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Title page for ETD etd-03222013-154316


Type of Document Dissertation
Author McKinley, Eliot Thomas
Author's Email Address etmckinley@gmail.com
URN etd-03222013-154316
Title FLT PET in colorectal cancer
Degree PhD
Department Biomedical Engineering
Advisory Committee
Advisor Name Title
H. Charles Manning Committee Chair
John C. Gore Committee Member
M. Kay Washington Committee Member
Melissa C. Skala Committee Member
Robert J. Coffey Committee Member
Keywords
  • FLT
  • PET
  • colorectal cancer
  • imaging
  • oncology
Date of Defense 2013-03-13
Availability unrestricted
Abstract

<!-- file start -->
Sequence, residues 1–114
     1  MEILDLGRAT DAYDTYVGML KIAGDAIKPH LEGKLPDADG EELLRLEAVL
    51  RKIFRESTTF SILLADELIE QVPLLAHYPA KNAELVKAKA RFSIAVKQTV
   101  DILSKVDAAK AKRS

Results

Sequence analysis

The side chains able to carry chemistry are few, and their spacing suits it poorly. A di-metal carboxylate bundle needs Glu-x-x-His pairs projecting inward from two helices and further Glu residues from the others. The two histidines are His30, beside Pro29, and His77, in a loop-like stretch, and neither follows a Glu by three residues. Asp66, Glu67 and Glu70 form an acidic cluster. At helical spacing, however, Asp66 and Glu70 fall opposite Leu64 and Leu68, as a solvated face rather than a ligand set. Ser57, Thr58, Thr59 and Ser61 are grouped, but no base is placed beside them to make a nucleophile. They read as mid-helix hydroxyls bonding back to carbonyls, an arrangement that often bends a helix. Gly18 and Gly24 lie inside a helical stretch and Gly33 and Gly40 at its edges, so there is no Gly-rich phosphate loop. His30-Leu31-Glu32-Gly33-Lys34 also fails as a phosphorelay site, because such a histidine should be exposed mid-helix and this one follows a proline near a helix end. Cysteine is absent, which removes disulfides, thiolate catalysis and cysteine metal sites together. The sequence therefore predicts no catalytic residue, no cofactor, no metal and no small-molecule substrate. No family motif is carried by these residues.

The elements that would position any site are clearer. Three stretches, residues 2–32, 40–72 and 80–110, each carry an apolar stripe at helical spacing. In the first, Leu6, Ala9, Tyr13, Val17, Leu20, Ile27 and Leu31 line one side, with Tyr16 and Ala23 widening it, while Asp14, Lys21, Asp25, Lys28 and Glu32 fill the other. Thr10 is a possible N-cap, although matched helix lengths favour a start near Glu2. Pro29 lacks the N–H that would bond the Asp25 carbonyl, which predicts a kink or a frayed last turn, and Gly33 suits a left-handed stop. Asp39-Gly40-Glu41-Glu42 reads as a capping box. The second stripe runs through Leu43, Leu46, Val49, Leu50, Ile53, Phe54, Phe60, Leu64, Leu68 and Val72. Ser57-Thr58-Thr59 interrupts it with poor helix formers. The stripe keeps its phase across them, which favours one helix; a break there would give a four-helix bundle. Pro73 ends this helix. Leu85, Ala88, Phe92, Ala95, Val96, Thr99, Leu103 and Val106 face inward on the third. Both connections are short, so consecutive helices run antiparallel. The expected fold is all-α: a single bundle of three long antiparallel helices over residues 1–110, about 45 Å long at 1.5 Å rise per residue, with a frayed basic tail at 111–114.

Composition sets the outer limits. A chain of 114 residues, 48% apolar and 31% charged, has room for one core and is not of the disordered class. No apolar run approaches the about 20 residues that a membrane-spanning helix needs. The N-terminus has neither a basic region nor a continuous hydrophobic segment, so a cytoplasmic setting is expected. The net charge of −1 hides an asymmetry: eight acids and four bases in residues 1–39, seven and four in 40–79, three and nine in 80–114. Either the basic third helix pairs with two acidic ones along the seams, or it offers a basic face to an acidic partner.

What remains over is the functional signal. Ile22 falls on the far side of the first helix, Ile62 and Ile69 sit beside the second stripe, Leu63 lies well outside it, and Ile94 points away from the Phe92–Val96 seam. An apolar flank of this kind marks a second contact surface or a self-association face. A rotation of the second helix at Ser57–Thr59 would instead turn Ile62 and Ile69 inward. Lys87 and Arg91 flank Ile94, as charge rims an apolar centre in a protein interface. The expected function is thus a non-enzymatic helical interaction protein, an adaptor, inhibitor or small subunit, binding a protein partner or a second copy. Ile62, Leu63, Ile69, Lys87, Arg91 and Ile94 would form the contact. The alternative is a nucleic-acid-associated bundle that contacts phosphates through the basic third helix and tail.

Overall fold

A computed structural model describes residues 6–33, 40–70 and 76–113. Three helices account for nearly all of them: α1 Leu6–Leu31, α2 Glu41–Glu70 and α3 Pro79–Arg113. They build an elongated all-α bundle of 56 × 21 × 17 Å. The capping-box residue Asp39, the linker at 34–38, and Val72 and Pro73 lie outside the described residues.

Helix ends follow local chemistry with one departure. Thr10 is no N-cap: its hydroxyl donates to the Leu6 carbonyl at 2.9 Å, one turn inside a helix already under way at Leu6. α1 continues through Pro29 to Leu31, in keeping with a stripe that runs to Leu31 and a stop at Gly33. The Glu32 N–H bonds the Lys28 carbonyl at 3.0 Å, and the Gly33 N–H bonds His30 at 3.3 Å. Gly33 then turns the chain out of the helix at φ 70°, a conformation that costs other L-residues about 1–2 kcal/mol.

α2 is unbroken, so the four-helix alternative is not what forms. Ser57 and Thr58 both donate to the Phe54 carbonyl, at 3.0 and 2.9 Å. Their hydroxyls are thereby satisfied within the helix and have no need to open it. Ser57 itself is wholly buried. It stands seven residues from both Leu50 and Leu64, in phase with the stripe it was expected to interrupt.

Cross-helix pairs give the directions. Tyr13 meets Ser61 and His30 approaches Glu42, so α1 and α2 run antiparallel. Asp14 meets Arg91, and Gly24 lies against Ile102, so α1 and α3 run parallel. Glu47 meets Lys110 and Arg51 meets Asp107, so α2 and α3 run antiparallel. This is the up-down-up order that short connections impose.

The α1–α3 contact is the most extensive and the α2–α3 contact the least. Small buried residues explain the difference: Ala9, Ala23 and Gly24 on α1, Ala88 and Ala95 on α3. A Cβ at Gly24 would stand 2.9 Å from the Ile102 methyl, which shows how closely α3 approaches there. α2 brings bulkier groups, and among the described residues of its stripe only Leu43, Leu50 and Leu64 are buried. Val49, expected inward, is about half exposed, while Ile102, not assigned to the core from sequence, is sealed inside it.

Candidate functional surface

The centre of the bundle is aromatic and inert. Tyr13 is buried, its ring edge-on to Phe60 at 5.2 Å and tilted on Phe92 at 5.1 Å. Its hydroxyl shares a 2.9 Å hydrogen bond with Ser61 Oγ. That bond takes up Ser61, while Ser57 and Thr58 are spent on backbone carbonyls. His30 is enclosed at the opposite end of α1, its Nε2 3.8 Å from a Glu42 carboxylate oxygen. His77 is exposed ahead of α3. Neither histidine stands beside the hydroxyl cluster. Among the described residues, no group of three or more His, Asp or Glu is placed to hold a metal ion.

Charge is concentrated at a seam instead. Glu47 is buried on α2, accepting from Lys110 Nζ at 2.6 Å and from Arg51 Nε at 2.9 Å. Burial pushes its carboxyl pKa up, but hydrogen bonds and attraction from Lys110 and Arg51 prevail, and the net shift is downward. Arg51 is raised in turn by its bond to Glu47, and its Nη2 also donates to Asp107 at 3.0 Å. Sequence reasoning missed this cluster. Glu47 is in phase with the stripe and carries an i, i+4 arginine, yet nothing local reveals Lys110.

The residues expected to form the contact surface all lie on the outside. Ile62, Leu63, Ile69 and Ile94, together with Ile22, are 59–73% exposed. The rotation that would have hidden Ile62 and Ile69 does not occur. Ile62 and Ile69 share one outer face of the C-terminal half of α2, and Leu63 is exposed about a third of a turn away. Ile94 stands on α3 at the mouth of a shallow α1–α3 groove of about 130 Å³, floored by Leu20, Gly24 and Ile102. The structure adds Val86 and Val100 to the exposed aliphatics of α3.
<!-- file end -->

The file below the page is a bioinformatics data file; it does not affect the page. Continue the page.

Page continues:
Biomarkers that predict response to targeted therapy in oncology are an essential component of personalized medicine. With an increasing reliance on molecularly targeted therapies, there remains an equally critical challenge to develop and validate specific biomarkers that reflect target inhibition, pathway inactivation, and predict overall clinical response. Most biomarkers utilized in oncology studies require tissue sampling which is highly susceptible to sampling error due and bias from heterogeneity. These limitations highlight a critical need to accelerate the translation of novel imaging approaches that are capable of reporting cellular and molecular responses of tumor cells to therapy. Presently, a major impediment to the clinical translation of novel imaging methodology is a lack of understanding of how targeted therapy can affect uptake of molecular probes and a lack appropriate validation studies conducted within relevant biological contexts. This dissertation seeks to elucidate molecular determinants that affect 3’-deoxy-3’[18F]-fluorothymidine ([18F]-FLT) PET imaging as a biomarker of response to targeted therapeutics in colorectal cancer (CRC) in both pre-clinical models and in patients. Using pre-clinical mouse models, [18F]-FLT PET was shown to measure TK1 protein levels in a tumor, was blind to utilization of the de novo pathway of thymidine synthesis, and may not correlate with Ki67 IHC measures of total cellular proliferation in a prognostic setting. Also is preclinical mouse models of CRC, [18F]-FLT was shown to serve as an early PET biomarker that may be sensitive to activation of pro-survival mechanisms that may predict tumors that are more likely to resist treatment and ultimately may be more prone to recurrence. In the clinical setting, [18F]-FLT PET was shown to correlate with treatment response in KRAS mutant rectal cancers after EGFR targeted therapy and chemoradiotherapy. Each of these components advance the understanding the strengths and weaknesses of [18F]-FLT and how [18F]-FLT PET can best be utilized in clinical practice
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